Open April 1st, 2nd, & 3rd
Facts and History
The river flows from its headwaters, northeast of Salem, to its junction with the Ohio River near Leavenworth. It is fed by more springs than any other river in Indiana as it drains one of the state’s largest cave areas, including near by Marengo Cave.
The video to your right follows two canoers as they experience the wildlife, rapids, and abundant scenic beauty of Blue River.
Prior to 1969, when the first canoes were rented, Native Americans and pioneers used Blue River as a means of transport. Some of the first settlers established grist mills on the river including the one at Milltown where Cave Country Canoes is now located.
Abundant and Diverse
Considered Indiana’s cleanest and highest quality stream, wildlife abounds: great blue herons, turtles, deer, otters, ducks, crayfish, and more. It is home to several endangered species including the hellbender, one of the world’s largest salamanders.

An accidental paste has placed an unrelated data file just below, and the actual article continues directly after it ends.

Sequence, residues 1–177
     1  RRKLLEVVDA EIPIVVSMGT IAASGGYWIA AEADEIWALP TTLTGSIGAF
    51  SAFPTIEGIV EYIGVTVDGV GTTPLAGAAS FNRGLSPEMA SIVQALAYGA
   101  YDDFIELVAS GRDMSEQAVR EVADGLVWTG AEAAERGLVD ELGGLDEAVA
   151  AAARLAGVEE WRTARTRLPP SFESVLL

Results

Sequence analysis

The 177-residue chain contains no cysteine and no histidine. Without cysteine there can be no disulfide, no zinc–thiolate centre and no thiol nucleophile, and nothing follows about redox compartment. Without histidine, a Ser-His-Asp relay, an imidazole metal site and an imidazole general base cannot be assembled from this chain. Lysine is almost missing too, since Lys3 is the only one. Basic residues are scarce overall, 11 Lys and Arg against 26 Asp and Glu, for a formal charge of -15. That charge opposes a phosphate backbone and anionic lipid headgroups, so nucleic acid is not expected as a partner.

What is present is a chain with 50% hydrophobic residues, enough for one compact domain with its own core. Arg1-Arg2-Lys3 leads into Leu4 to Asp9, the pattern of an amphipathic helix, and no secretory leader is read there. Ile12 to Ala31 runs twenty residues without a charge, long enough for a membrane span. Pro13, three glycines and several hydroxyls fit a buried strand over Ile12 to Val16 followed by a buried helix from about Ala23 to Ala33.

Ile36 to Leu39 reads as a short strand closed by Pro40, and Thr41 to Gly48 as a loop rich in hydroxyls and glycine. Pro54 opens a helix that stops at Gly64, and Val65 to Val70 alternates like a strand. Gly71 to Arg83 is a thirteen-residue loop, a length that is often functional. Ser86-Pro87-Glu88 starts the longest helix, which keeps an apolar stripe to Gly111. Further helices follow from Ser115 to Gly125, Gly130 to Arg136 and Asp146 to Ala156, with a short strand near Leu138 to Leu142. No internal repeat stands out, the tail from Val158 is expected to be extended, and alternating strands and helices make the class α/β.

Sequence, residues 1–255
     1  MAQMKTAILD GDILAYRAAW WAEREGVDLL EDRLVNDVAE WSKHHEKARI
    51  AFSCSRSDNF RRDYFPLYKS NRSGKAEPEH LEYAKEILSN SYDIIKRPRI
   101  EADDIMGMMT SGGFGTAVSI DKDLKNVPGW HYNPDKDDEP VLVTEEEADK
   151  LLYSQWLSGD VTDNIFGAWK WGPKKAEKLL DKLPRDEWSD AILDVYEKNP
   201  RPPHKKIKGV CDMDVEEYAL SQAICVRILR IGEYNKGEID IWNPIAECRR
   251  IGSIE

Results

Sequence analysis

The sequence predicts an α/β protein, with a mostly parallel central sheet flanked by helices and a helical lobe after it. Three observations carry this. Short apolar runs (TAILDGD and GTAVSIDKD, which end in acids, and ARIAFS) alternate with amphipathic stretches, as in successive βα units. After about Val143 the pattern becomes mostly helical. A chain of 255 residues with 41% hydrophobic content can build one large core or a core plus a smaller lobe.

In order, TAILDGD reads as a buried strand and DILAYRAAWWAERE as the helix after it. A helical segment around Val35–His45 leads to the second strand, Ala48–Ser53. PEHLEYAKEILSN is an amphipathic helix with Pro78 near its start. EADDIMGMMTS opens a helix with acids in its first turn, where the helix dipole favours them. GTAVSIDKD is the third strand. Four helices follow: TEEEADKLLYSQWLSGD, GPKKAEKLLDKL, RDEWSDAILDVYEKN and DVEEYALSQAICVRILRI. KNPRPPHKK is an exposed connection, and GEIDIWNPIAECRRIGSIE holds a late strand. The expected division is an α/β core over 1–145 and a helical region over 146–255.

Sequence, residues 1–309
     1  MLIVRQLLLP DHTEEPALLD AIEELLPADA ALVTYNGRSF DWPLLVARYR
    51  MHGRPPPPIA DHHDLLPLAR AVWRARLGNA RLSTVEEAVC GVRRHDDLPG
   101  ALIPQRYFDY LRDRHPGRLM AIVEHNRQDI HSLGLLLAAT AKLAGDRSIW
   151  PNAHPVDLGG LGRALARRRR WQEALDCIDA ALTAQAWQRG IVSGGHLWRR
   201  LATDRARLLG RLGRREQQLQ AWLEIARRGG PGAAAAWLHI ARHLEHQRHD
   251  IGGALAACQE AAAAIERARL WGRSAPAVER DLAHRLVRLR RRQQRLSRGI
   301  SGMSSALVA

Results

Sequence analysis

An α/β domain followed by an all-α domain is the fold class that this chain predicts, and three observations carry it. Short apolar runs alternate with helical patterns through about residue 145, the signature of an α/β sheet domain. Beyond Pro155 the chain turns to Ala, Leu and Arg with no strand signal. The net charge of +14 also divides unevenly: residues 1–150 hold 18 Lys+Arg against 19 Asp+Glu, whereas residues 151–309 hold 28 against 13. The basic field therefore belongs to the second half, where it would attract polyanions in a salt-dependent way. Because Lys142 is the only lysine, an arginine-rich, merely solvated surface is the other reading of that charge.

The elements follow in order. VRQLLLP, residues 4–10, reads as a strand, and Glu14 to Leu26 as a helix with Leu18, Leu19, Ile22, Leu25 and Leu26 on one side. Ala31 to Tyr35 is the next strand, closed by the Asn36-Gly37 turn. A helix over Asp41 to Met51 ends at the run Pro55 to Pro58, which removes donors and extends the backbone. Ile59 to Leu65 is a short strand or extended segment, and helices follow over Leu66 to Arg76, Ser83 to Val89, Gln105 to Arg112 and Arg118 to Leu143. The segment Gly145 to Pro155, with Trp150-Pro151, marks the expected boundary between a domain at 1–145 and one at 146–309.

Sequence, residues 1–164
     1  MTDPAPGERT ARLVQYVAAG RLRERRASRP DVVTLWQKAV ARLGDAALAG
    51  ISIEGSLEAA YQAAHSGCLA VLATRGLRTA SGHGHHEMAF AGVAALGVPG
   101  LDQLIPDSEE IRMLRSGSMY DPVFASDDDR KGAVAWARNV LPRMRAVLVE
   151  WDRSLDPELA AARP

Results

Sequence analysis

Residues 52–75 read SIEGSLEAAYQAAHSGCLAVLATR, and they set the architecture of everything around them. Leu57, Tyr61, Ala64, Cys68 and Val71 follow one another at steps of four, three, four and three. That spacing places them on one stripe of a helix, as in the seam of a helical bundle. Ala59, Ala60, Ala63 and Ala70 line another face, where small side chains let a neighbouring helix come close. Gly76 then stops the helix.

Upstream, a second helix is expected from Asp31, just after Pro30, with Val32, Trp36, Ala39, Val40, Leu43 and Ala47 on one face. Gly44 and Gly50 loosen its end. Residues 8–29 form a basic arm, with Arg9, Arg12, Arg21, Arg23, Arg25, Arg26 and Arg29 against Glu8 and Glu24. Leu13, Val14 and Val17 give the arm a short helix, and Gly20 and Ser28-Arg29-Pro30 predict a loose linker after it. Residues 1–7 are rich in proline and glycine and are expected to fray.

The river is also a superior small mouth bass fishery. Perfect for enjoying nature, fishing or canoeing through the Class I rapids.
Protecting the Future
The river is controlled by the Blue River Commission, which limits access and development along the river corridor. Because of limited development in its watershed, Blue River has been spared environmental problems that have plagued other Hoosier rivers.